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A Biopsychosocial Model of Chronic Posttraumatic Nightmares
[Technical Report, Doctoral Thesis]
UNIFORMED SERVICES UNIV OF THE HEALTH SCIENCES BETHESDA MD
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Posttraumatic nightmares are estimated to be present in more than 90 of PTSD cases. Posttraumatic nightmares are associated with a number of deleterious effects such as decreased quality of life and increased risk of suicide. Despite the substantial impact on patients lives, current treatments are often insufficient to resolve posttraumatic nightmares. Importantly, there is a dearth of knowledge regarding the underlying mechanisms involved in the initiation and maintenance of posttraumatic nightmares. Thus, an increased understanding into the possible mechanisms involved in their perpetuation may improve treatment strategies. Currently, proposed models conceptualize posttraumatic nightmares as the same as idiopathic nightmares. However, posttraumatic nightmares are related to a traumatic experience whereas idiopathic nightmares do not have a known cause. Although these two types of nightmares may share some overlap, it is unwise to assume aspects of the trauma experience or other distinctions between the two types of nightmares do not result in disparate pathways to chronicity. Some models of posttraumatic nightmares exist however, these models consider singular predictors of posttraumatic nightmares and lack the important perspective of a comprehensive approach. Therefore, the present project aimed to develop and examine a comprehensive biopsychosocial model of posttraumatic nightmares utilizing data from the clinical database of the Intensive Outpatient Program at the National Intrepid Center of Excellence.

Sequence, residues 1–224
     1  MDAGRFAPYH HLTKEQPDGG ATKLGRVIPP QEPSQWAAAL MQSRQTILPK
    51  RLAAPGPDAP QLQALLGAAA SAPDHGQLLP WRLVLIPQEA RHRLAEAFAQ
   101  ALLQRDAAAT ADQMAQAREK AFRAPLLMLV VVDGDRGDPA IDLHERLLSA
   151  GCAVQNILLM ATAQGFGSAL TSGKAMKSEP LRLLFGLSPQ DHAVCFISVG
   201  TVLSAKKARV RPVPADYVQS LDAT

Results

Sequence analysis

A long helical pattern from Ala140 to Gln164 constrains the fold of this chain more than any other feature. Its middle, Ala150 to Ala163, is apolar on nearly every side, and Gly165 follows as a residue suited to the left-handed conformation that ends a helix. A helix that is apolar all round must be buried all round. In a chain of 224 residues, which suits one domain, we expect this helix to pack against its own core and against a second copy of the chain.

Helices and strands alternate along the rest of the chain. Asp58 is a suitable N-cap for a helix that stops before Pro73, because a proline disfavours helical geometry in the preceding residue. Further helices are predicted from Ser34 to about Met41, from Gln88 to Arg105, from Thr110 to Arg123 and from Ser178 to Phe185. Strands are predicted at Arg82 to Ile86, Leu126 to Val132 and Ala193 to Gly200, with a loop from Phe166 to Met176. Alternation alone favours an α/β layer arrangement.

[A, Approved For Public Release]